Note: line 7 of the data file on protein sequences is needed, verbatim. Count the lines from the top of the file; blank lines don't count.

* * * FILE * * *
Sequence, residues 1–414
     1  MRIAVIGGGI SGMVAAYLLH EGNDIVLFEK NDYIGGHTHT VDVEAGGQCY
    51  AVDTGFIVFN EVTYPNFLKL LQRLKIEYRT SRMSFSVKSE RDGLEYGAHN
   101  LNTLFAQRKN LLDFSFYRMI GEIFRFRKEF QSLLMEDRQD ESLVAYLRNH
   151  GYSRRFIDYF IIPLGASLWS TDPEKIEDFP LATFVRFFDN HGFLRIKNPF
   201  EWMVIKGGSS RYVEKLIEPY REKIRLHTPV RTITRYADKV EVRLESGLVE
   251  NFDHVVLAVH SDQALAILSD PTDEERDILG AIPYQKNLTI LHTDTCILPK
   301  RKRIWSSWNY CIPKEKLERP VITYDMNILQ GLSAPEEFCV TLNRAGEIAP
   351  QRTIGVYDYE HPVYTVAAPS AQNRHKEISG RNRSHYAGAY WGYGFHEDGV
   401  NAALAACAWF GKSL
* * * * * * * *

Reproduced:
   251  NFDHVVLAVH SDQALAILSD PTDEERDILG AIPYQKNLTI LHTDTCILPK